EVERTON 6 (Lukaku 1, 29, 83, 84, McCarthy 23, Barkley 90+2) – BOURNEMOUTH 3 (King 59, 70, Arter 90)
When, with a mere 30 seconds gone, Bournemouth’s defenders allowed Romelu Lukaku to execute his favourite manoeuvre, shifting inside from the right to set up a left-footed shot, they were condemned. That they failed to prevent it probably wasn’t down to bad preparation, after all my two-year-old springer knows this is his number one party trick; Lukaku was just too strong, his power overwhelmed them. And so it was all afternoon. His speed, strength and clarity of thought simply swamped the Cherries; he set up McCarthy for Everton’s second with a crisp cut back after muscling past Mings and Pugh and scored the third, fourth and fifth, before Ross Barkley put away the sixth, this the only goal that Lukaku wasn’t involved in.
Ronald Koeman, ever the down to earth pragmatist, rather than getting carried away with the six goal haul was left quietly fuming about the three conceded and the relaxation and drop in intensity which allowed Bournemouth to dictate things after half-time and get back into a game which should have been dead and buried. Why did his players stand off and invite the visitors to play? “If you drop your level, don’t win second balls and give them the freedom to play then it’s difficult,” Koeman said of Bournemouth’s threatened comeback. “It was a great game for the fans. Not for me after half-time”
Koeman knows too that the central defensive partnership of Williams and Funes Mori is not good enough; it was only after the introduction of Mason Holgate on 80 minutes and the Blues changed to three at the back, that control was restored. Presumably this will be addressed in the summer, for now maybe it’s time to try Phil Jagielka again.
The youngsters impressed; Ademola Lookman making his first start kept it mostly simple apart from one exquisite piece of trickery which bought him enough space in the Bournemouth area to get away a shot which bobbled wide. He knows though that he was partially at fault for the visitor’s second goal and gave the ball away in a bad place in the first half, a mistake which on another day might have been calamitous. Tom Davies on for the final thirty minutes was influential again with his powerful running and insightful passing. This boy is improving game on game.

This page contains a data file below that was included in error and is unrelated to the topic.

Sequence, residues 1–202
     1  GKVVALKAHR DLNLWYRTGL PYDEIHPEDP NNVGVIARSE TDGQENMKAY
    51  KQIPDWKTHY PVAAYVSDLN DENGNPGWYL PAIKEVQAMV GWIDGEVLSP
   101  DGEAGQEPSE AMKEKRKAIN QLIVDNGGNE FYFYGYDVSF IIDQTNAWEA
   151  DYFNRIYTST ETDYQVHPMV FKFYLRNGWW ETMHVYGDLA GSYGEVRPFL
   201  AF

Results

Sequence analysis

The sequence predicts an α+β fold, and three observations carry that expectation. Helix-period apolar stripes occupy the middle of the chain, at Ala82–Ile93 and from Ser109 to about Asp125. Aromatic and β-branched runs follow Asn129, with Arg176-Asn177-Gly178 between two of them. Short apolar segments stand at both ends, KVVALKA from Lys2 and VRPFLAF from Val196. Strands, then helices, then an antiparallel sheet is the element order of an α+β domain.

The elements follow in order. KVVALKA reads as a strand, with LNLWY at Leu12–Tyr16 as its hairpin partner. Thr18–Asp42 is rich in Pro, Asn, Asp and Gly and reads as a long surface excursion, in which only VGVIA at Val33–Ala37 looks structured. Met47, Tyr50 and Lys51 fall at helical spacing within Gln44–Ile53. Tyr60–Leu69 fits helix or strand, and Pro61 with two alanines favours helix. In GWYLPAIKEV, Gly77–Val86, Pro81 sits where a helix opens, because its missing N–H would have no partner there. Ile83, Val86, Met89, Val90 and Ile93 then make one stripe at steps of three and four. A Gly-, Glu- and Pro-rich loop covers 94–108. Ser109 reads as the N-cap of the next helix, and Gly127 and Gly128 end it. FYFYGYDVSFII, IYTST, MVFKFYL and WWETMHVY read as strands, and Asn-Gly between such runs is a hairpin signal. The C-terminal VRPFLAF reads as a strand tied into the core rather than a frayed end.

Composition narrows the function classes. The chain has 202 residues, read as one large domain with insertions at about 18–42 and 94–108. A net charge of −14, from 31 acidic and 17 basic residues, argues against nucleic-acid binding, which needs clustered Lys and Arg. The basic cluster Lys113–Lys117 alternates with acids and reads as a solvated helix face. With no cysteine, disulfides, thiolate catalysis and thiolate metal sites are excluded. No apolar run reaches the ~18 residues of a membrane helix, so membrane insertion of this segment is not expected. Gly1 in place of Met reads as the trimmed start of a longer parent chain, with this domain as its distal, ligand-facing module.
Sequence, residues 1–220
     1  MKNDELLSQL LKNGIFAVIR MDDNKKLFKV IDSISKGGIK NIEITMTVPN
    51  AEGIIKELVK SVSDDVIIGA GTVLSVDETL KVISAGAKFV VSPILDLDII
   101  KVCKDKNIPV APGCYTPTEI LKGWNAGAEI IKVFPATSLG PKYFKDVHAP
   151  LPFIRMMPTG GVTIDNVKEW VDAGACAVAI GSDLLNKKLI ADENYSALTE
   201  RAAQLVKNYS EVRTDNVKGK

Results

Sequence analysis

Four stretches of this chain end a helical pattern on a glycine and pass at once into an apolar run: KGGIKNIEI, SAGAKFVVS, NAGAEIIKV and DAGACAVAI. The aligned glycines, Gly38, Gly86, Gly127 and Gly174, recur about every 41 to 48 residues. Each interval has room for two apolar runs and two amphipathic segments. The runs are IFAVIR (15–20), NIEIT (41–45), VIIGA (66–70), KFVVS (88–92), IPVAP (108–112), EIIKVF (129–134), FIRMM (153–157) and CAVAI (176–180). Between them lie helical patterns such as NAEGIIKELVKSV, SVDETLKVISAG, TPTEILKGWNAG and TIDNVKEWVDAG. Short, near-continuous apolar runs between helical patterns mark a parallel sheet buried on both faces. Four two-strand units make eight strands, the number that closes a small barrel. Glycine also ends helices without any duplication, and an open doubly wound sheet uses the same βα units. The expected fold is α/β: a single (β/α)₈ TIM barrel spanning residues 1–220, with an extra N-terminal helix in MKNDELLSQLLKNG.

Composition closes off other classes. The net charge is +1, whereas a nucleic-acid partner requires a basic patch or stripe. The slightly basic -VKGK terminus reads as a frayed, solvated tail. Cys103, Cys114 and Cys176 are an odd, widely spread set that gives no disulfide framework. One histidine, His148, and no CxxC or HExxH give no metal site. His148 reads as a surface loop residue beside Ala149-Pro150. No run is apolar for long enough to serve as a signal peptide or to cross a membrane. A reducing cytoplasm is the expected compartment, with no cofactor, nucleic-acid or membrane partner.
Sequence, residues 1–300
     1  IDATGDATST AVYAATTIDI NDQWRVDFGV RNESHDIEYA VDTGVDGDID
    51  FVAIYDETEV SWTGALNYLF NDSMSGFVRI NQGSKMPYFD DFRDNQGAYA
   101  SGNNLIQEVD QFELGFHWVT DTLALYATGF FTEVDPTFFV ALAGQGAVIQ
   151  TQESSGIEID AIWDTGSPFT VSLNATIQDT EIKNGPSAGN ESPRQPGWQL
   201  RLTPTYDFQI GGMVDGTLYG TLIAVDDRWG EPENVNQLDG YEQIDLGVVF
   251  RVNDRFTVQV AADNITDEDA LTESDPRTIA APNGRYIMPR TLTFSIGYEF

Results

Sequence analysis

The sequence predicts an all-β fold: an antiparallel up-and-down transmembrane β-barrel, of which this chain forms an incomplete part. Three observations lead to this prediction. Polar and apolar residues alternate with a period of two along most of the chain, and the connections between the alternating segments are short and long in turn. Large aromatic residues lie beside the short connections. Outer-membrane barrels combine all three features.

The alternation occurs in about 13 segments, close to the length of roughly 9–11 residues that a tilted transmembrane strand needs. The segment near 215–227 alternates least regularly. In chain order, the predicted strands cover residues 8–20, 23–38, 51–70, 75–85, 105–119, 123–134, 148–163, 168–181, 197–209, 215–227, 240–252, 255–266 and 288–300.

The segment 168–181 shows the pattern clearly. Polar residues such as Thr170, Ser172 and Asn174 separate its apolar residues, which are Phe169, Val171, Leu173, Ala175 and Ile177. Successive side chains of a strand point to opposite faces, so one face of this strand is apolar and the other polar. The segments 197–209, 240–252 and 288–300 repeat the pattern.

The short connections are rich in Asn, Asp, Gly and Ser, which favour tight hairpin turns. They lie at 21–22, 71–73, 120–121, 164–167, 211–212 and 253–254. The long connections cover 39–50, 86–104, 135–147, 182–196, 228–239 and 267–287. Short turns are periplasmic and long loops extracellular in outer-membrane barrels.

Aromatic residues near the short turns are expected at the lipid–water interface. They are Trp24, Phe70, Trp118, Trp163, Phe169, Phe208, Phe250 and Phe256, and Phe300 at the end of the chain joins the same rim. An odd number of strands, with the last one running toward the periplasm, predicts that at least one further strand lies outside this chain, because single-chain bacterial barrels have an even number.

To some observers Ross Barkley sits somewhere between promising youngster and finished article. He was unlucky that Lukaku took the headlines here, because Barkley was magnificent. He was ubiquitous, his work rate and commitment taking him all over the park; he twice robbed Jack Wilshere with crunching tackles deep in the Everton half, it was his clever back heel that released Lukaku for the fifth goal and late on he was the front-man who picked up a long ball out of defence rounded the keeper and ran through to celebrate and then score the sixth.
Everton (4-3-3) (3-4-3 after 80 mins): Robles; Coleman, Williams, Funes Mori, Baines; Barry© (Holgate 80), McCarthy (Davies 61), Schneiderlin; Lookman (Mirallas 71), Barkley, Lukaku
Unused subs: Stekelenburg, Jagielka, Gueye, Valencia
Bournemouth (3-4-2-1): Boruc; Francis© (Smith 46), Cook, Mings; Fraser, Surman, Gosling (Ibe 46), Pugh (Afobe 83); Arter, Wilshere; King
Unused subs: Allsop, Stanislas, Mousset, Cargill
Ref: Mike Jones
Blogs for Everton site Dixie’s60. First game at Goodison: 5 Nov 1960, EFC 1 – WBA 1…hooked ever since
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